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Psychological health and safety in sawmills

June 7, 2024  By Patrick McDonald

Photo © netrun78 / Adobe Stock

In the tumultuous landscape of the Canadian wood products industry, specifically in B.C. where mills are shutting down and jobs are being lost, the importance of psychological health and safety (PH&S) has never been more pronounced.

Despite the industry’s struggles, there’s a growing recognition of the need to nurture a supportive and inclusive work environment.

Before delving into practical strategies for prioritizing PH&S, it’s crucial to understand the core functions of the Guarding Minds at Work framework. This framework provides a structured approach to assessing and enhancing PH&S, encompassing three main components: the Employee Survey, the Organizational Review, and the Stress Satisfaction Scan.

Understanding employee Experiences
To effectively address PH&S concerns, it’s imperative to understand employee experiences and stressors. Insights learned from stress satisfaction scans shed light on key factors impacting employee well-being. Statements related to involvement in decision-making, recognition for effort, time pressure, mental fatigue, fairness, and supervisory support offer valuable insights into the stressors and satisfiers present in the workplace.


Tailoring initiatives
Armed with knowledge of employee experiences, companies and management teams can tailor initiatives to mitigate stressors and enhance satisfiers. For instance, addressing concerns regarding time pressure and mental fatigue through workload management strategies can alleviate stress and improve overall job satisfaction. Similarly, fostering a culture of fairness, respect, and recognition can bolster employee morale and engagement.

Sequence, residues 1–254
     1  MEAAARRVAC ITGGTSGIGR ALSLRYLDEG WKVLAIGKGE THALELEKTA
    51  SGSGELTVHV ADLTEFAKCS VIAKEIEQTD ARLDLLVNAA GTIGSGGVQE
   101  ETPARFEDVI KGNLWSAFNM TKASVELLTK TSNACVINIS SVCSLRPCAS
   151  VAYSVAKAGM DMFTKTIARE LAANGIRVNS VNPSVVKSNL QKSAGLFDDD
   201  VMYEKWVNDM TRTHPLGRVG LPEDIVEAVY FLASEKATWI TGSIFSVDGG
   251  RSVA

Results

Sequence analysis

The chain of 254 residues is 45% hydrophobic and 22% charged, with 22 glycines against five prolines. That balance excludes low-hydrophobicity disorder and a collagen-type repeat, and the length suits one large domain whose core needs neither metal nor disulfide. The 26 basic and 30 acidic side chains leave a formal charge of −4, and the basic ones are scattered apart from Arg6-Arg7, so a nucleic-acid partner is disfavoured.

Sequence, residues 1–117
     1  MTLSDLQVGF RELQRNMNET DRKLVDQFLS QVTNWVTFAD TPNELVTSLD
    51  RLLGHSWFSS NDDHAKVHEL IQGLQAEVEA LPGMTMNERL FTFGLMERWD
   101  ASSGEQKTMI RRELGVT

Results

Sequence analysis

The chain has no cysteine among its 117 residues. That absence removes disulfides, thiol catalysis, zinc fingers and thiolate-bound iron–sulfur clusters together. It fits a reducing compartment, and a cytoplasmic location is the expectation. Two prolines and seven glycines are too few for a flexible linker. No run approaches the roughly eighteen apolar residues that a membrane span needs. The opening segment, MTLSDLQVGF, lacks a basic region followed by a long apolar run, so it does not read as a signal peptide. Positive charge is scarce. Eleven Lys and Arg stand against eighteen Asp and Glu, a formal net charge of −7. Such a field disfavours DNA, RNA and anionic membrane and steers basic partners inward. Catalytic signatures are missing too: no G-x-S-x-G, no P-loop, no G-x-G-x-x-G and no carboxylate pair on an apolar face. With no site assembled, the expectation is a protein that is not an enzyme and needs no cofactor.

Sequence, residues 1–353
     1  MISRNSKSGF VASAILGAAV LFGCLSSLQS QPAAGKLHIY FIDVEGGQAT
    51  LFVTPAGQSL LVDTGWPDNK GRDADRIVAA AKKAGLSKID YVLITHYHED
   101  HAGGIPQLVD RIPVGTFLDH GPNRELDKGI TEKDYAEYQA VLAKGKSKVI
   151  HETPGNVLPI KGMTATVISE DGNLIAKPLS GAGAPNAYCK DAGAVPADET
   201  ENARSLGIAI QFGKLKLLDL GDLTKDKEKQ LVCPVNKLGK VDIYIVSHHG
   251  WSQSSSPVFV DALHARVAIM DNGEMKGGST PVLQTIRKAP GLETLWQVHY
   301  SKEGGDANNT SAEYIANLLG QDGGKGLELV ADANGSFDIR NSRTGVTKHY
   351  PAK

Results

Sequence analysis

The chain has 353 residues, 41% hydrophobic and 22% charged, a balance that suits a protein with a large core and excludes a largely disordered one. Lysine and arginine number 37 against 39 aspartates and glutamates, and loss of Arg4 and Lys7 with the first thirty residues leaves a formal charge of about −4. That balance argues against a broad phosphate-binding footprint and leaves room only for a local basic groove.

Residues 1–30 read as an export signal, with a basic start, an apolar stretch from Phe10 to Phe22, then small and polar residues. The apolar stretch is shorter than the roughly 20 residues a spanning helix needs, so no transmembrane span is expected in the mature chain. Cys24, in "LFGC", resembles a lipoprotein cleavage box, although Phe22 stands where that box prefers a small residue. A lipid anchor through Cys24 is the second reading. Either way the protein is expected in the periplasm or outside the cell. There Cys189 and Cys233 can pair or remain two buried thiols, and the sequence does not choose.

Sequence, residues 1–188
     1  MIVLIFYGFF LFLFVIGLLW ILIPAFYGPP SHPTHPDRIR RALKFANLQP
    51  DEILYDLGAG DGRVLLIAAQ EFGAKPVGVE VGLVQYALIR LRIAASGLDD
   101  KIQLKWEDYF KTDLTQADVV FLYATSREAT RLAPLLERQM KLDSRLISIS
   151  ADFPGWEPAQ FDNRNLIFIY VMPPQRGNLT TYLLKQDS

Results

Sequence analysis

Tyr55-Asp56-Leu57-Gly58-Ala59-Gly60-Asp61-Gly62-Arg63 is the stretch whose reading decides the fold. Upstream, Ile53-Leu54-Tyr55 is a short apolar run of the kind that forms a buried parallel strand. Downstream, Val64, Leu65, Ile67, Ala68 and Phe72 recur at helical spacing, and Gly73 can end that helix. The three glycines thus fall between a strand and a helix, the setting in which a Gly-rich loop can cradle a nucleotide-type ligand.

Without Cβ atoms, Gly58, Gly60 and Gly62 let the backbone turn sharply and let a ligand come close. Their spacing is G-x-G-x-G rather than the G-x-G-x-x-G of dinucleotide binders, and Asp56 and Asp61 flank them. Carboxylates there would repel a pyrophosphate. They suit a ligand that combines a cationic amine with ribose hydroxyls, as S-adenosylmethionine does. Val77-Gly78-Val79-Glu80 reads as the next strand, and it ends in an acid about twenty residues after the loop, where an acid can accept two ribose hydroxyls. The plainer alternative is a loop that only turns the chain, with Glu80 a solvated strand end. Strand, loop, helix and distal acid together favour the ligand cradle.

Empowering employees
Empowering employees by involving them in decisions that affect their work can serve as a potent stress mediator. Management teams can champion initiatives aimed at increasing employee autonomy and decision-making authority,  thus fostering a sense of control and ownership over their work. Regular feedback mechanisms and participatory decision-making processes can further reinforce employee empowerment and well-being. A good example of an employee driven safety initiative would be to introduce a MOC (Management of Change) process, which includes various employee levels during the planning stage of a workstation change.   

Enhancing supervisory support
Supervisory support plays a pivotal role in mitigating workplace stressors and promoting PH&S. Ensuring that supervisors, including safety managers as part of the management team, are equipped with the necessary skills and resources to support their teams effectively is paramount. Training programs focusing on communication, conflict resolution, and supportive leadership can empower supervisors to provide the guidance and assistance needed to navigate challenging situations and support their teams.

Monitoring progress and adaptation
Continuous monitoring and adaptation are essential components of a robust PH&S strategy. Management teams should regularly assess the effectiveness of initiatives through employee feedback, stress satisfaction scans, and performance indicators. By staying attuned to evolving employee needs and adjusting strategies accordingly, organizations can cultivate a culture of resilience and well-being.

In the face of industry challenges, prioritizing psychological health and safety is not just a moral obligation but a strategic imperative.

By leveraging insights from employee feedback and stress satisfaction scans, companies and management teams can develop targeted initiatives to address stressors, enhance satisfiers, and foster a supportive work environment. Through proactive measures and ongoing adaptation, organizations can navigate turbulent times while safeguarding the well-being of their most valuable asset, their employees.

For more information, check out Guarding Minds at Work at www.guardingmindsatwork.ca.

 Patrick McDonald is the owner of Kootenay Safety Services in Cranbrook, B.C. He is a seasoned safety consultant with over 15 years of experience specializing in industrial manufacturing. Reach him at patrick@kesafety.ca

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